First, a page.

The Mars Semi-Direct and NASA DRA architectures specify a crew of six, although the Mars Direct and Mars-Oz architectures require only four. Although it may be possible that a smaller crew – even as small as 2 people, as is being proposed for the Inspiration Mars flyby – may theoretically suffice, Blue Dragon is currently intended for six. There are a variety of reasons for this:
- It’s about as large a crew as we can handle while keeping the mission achievable and affordable.
- A crew of six permits a dedicated crew member for the most crucial functions, while also allowing for a degree of redundancy in skill coverage.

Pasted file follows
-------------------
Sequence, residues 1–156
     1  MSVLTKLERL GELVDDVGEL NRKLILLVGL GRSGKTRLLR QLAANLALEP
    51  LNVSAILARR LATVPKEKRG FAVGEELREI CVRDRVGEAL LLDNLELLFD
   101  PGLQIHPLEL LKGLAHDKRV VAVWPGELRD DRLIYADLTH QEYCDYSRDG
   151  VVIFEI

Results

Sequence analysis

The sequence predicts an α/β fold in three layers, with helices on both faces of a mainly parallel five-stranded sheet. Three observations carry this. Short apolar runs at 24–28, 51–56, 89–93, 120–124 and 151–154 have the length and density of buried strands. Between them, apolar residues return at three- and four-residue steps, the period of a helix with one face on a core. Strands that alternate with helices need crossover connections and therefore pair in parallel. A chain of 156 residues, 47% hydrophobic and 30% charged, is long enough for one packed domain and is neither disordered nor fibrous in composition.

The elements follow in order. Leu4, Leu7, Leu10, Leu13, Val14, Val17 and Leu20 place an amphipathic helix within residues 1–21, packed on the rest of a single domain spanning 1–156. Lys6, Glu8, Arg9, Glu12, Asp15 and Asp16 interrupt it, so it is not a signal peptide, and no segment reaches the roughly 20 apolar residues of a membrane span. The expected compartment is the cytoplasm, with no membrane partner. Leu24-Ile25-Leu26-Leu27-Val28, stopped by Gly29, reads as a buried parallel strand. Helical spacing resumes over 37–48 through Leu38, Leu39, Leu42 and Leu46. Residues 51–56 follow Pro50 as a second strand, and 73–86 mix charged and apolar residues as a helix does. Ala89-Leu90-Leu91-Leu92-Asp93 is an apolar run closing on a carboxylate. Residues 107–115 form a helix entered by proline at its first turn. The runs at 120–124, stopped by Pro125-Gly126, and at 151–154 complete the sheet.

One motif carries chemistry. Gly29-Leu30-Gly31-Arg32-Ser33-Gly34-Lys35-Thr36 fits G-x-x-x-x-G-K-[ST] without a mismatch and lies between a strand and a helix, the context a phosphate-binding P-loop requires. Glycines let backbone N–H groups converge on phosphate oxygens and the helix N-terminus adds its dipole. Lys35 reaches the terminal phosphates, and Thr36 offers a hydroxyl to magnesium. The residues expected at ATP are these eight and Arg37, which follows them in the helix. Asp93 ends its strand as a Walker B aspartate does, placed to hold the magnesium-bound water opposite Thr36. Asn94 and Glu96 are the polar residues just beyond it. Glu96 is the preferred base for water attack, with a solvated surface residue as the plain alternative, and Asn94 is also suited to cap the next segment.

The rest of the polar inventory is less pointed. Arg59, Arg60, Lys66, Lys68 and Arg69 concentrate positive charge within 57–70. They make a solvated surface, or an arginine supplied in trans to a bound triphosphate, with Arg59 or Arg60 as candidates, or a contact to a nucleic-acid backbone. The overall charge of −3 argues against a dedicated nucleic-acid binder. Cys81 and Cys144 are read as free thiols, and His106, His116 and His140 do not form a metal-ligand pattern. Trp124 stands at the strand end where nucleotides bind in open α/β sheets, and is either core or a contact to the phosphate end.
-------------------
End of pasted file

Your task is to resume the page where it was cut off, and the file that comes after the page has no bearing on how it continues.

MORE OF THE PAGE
- The NASA DRA, on which Blue Dragon is based, has been designed around a crew of 6. The assumption here is that the NASA DRA has had more thought put into it than any other Mars mission architecture, and we can benefit by leveraging this work.
- A single Bigelow Aerospace BA-330 module, which we’re planning to use for the Abeona (the MTV, or Mars Transfer Vehicle), is designed to support 6 people.
- The SpaceX DragonRider capsule, which we’re using to ferry the crew between Earth/Mars surface and orbit, is designed for 7 people. Therefore, it should be big enough for 6 crew in spacesuits.
- It permits flexibility with team configurations.